The unfortunate Lord Maginnis

10 Jan

The job of the social scientist is to spot patterns in social phenomenon, and there is a pattern to be spotted in Lord Ken Maginnis’ orbit. Ken – now Lord Maginnis – served himself for many years as MP for Fermanagh South Tyrone in Northern Ireland. He now sits in the House of Lords as an independent after a parting of ways between him and his – the Ulster Unionist Party. He believed that homosexuals were ‘deviant’. They did not. Anyway, it would seem that whenever Ken is around unfortunate events happen. All of this, I am sure, is coincidence. Doubtless, time and again, Ken is the innocent bystander and things just happen in his presence.

Earlier this week, there was a hullaballoo at the entrance of the UK’s House of Parliament. Things were shouted at the security staff along the lines of ‘Don’t you know who I am?’ Ken was in the vicinity at the time but it would be wholly out of character for him to shout at anyone. Not like him at all.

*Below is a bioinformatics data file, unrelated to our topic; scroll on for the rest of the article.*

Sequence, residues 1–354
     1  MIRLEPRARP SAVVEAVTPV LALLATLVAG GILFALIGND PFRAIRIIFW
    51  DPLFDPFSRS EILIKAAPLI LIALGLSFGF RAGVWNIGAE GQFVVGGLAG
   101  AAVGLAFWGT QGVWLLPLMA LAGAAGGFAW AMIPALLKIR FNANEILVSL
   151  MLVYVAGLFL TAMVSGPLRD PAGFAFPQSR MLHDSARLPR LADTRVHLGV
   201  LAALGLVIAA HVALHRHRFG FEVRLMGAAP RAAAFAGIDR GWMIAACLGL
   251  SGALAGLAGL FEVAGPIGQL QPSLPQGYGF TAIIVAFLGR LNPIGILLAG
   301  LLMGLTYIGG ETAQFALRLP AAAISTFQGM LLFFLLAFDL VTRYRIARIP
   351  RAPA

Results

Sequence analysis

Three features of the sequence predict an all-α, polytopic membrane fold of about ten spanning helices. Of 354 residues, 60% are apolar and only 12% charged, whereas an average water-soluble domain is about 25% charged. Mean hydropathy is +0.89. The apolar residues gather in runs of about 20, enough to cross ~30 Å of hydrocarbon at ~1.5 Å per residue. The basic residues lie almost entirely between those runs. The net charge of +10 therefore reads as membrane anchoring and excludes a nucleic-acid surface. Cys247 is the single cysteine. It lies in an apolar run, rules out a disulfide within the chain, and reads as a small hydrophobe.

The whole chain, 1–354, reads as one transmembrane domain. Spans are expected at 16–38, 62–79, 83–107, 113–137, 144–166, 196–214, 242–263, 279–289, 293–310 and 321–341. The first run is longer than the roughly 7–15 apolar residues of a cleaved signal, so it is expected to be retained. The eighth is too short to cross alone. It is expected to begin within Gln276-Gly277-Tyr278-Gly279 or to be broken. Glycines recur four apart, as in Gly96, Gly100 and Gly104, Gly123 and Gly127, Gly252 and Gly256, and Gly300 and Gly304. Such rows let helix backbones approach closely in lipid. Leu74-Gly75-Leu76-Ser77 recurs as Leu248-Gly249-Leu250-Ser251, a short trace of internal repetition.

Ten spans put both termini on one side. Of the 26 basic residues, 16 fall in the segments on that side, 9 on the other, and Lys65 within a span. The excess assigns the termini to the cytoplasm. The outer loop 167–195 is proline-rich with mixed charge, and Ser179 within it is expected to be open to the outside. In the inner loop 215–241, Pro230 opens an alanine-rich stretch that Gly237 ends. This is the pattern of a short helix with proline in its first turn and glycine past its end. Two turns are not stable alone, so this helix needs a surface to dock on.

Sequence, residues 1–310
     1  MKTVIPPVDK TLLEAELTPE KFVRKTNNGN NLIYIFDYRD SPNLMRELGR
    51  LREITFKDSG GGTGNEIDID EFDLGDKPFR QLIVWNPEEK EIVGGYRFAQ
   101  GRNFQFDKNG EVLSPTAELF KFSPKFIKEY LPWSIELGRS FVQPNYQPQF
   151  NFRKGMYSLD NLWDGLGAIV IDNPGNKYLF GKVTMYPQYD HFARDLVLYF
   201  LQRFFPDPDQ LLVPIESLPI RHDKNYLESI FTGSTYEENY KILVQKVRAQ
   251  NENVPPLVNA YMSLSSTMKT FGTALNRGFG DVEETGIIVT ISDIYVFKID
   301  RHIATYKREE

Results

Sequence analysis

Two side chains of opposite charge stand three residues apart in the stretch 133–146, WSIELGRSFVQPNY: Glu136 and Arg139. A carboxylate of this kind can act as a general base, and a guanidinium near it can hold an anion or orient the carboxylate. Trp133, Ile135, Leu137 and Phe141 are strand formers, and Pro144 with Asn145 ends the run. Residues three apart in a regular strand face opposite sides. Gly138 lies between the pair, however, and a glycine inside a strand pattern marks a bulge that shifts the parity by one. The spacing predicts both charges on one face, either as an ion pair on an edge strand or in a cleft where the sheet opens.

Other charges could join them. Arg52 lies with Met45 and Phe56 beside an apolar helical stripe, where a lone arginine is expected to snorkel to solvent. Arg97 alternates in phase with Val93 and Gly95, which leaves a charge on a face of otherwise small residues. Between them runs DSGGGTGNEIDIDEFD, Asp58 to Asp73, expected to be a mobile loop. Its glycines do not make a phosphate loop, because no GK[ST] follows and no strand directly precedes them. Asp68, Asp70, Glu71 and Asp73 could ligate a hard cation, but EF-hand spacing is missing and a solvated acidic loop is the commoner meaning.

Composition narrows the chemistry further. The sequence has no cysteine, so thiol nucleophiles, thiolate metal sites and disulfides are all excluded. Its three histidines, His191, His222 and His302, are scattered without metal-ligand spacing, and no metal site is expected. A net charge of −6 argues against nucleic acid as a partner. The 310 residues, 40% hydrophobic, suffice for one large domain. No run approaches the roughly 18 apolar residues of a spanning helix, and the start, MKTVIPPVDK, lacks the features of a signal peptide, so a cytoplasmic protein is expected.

And then in his former constituency and home town, there was a road rage incident. A driver was grabbed by the arm and someone was called a ‘yellow bellied bastard’. Ken was nearby, but as a dedicated public servant it would be inconceivable that he would involved in such unseemly behaviour.

Lightening seemed to strike in the same place again for poor old Ken when there was an alleged assault at his London flat. Poor Lord Maginnis’ neighbour apparently ended up with a cut eye but it is very probable that Ken was out at the time. He was probably doing charitable work for the poor.

In a clear case of persecution of the weakest members of our society, a train company came after Ken for an unpaid fare. They alleged – I am sure they were completely wrong and he was completely innocent – that he travelled by train without paying. Ken, as a man of principle, made sure it went to court. The court – in an act of folly – ordered that goods worth £1,500 be seized from Ken. I suspect that a Mother Theresa figure like Ken would have goods worth that much.